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The World Economic Forum

January 27, 2006


The annual World Economic Forum is going on now through the weekend in the tiny ski village of Davos, Switzerland. The gathering draws some 2,300 of the world’s elite from 89 different countries. Included in this year’s festivities are heads of state, U.S. Congressmen and Senators, Cabinet Ministers, CEOs, religious leaders, social activists, and of course some over-exposed Hollywood types. The conference is a who’s who of the best and brightest in the world (plus some politicians!).

About the smartest thing I’ve heard so far from all of the noise coming out of Davos is from billionaire hedge fund legend and philanthropist George Soros. Mr. Soros gave an interview this morning on CNBC where he talked very briefly abut his views on the U.S. economy. I found them to be compelling and perhaps worth noting. It is a view that we both share to a great degree.

Here is some of what Mr. Soros had to say: “There’s (a) problem that I think is brewing, and that is the end of the housing boom in the United States and the ability of households to spend more than they earn because the value of their house is rising. So I expect that by ‘07 there will be a significant decline in U.S. consumer spending and I don’t see what will take its place because it’s so important as a motor of the world economy,” Mr. Soros said. “Everything looks to be just hunky-dory but I don’t think the outlook for the next two years is very good,” he said. “The downside risks are bigger than the upside potential. The conference is remarkable for its complacency. It’s a bit like dancing on the Titanic. They’re having a very good time and there’s a very cheerful atmosphere.”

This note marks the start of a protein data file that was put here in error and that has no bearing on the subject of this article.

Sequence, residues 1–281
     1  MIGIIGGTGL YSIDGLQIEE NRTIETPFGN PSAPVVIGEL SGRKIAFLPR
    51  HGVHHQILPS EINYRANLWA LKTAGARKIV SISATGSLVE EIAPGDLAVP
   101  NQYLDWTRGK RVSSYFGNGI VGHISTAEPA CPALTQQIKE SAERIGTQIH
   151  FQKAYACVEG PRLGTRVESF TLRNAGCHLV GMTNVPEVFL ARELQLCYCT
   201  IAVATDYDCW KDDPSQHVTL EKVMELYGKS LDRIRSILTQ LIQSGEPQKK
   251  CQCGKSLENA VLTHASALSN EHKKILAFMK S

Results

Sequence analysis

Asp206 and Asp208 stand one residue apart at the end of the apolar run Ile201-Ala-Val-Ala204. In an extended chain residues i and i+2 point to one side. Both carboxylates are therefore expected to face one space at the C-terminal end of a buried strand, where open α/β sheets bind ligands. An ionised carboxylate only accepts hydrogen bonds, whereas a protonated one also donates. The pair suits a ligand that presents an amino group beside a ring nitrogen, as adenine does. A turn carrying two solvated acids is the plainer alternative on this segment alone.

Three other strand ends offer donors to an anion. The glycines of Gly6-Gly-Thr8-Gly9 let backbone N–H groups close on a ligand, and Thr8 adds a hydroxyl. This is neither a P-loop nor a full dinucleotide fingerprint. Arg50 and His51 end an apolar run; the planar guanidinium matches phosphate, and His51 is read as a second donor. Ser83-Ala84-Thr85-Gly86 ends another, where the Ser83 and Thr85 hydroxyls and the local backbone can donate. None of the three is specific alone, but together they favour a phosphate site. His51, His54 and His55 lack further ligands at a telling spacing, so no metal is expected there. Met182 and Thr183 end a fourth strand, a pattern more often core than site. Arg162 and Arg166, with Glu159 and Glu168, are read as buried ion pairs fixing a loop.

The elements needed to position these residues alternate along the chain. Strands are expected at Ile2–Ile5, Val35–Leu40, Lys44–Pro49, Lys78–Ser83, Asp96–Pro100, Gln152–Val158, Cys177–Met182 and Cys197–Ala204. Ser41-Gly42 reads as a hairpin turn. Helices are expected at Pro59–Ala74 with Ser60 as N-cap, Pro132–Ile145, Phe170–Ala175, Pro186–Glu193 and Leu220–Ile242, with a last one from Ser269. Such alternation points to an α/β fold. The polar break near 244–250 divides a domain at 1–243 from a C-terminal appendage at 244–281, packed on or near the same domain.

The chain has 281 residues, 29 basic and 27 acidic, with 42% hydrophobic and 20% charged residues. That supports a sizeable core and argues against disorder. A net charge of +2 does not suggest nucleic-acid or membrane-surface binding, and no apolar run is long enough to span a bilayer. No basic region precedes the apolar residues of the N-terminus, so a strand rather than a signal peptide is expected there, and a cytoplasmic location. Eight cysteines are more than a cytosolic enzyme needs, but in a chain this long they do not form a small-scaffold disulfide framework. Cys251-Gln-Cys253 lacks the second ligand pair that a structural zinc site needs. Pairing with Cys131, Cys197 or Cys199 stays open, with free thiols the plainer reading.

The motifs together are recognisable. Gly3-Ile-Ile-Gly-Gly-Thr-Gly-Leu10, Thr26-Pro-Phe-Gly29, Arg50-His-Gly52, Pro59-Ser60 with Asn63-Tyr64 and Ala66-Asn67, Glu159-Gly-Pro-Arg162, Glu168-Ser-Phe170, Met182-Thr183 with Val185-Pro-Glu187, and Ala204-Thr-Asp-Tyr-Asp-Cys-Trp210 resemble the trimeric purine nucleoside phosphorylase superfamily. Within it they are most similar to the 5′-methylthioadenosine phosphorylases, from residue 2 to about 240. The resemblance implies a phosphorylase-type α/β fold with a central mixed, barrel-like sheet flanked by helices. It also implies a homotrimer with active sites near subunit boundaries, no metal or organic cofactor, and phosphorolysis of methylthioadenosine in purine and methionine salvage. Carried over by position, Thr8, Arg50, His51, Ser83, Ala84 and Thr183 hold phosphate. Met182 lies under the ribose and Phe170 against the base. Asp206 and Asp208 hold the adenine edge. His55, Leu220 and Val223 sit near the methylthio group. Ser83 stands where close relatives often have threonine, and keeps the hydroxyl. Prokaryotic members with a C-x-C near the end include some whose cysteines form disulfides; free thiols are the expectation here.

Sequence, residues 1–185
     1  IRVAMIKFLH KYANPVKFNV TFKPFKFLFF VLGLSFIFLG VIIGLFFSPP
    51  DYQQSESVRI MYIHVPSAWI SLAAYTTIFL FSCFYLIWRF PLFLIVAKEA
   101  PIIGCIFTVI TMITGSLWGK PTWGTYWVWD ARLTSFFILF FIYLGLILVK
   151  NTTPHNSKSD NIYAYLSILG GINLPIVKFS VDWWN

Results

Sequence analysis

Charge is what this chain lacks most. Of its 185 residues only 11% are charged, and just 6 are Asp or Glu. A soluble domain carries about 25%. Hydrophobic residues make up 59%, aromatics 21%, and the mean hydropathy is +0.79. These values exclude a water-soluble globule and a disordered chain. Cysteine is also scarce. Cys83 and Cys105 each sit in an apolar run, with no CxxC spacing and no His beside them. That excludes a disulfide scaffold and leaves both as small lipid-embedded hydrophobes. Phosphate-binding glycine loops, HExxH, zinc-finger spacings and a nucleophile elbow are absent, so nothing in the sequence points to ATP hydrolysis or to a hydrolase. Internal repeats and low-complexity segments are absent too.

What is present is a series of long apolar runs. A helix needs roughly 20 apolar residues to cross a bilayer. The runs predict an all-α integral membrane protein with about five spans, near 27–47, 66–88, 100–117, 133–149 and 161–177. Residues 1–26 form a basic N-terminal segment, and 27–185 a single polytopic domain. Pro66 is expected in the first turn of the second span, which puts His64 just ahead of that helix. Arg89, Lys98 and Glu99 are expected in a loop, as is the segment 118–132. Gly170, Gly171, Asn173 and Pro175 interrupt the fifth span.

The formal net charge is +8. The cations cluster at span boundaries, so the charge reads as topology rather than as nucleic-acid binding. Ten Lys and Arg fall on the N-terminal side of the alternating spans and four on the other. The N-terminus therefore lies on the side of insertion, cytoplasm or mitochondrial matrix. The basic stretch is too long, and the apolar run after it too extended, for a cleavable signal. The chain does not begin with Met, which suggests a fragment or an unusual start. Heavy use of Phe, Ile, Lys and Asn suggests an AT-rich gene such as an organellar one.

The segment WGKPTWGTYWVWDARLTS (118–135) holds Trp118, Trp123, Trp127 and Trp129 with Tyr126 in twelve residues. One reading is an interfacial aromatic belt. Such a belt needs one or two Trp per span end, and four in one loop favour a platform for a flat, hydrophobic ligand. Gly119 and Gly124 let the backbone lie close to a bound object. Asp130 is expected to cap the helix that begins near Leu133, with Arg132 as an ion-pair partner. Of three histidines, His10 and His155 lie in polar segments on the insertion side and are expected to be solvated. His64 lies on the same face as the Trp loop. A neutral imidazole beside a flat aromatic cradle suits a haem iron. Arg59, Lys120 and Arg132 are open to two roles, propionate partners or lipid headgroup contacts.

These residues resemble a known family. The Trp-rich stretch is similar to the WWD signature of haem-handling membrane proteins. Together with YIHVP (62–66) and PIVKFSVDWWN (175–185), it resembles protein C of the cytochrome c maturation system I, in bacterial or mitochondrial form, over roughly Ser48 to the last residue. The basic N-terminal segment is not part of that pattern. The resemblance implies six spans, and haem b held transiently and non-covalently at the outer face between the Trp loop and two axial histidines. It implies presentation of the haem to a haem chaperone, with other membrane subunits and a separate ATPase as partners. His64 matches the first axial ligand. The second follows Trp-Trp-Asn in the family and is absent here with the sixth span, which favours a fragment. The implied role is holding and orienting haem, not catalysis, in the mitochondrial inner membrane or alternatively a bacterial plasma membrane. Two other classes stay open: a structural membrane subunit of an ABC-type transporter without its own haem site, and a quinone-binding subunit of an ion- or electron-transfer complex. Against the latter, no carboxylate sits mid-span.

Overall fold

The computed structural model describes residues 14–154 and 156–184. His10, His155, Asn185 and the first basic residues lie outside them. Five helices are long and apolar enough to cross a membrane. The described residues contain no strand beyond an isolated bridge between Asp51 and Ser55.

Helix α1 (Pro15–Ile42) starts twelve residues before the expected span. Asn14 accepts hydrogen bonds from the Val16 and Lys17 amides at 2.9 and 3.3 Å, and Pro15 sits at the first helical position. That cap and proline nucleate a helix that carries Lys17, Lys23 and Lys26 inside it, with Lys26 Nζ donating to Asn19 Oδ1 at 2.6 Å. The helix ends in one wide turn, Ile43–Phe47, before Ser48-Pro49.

Mr. Soros, a known opponent of the Bush Administration, also made an interesting comment when he offered that the two biggest obstacles facing the world economy were global warming and the U.S. led war on terror.

I saw the Titanic…it was a great movie but the ending wasn’t pretty. Mr. Soros,who has predicted a recession for the U.S. economy in 2007, is absolutely correct that the U.S. consumer tiring out would be a big problem for the world economy at large. Our net savings rate as a nation is 0% and by some measures negative. The cushion is stretched. Throw on top of that all of the global unrest in the middle east and now Russia hurting energy prices and I also feel we are in for a tough stretch.


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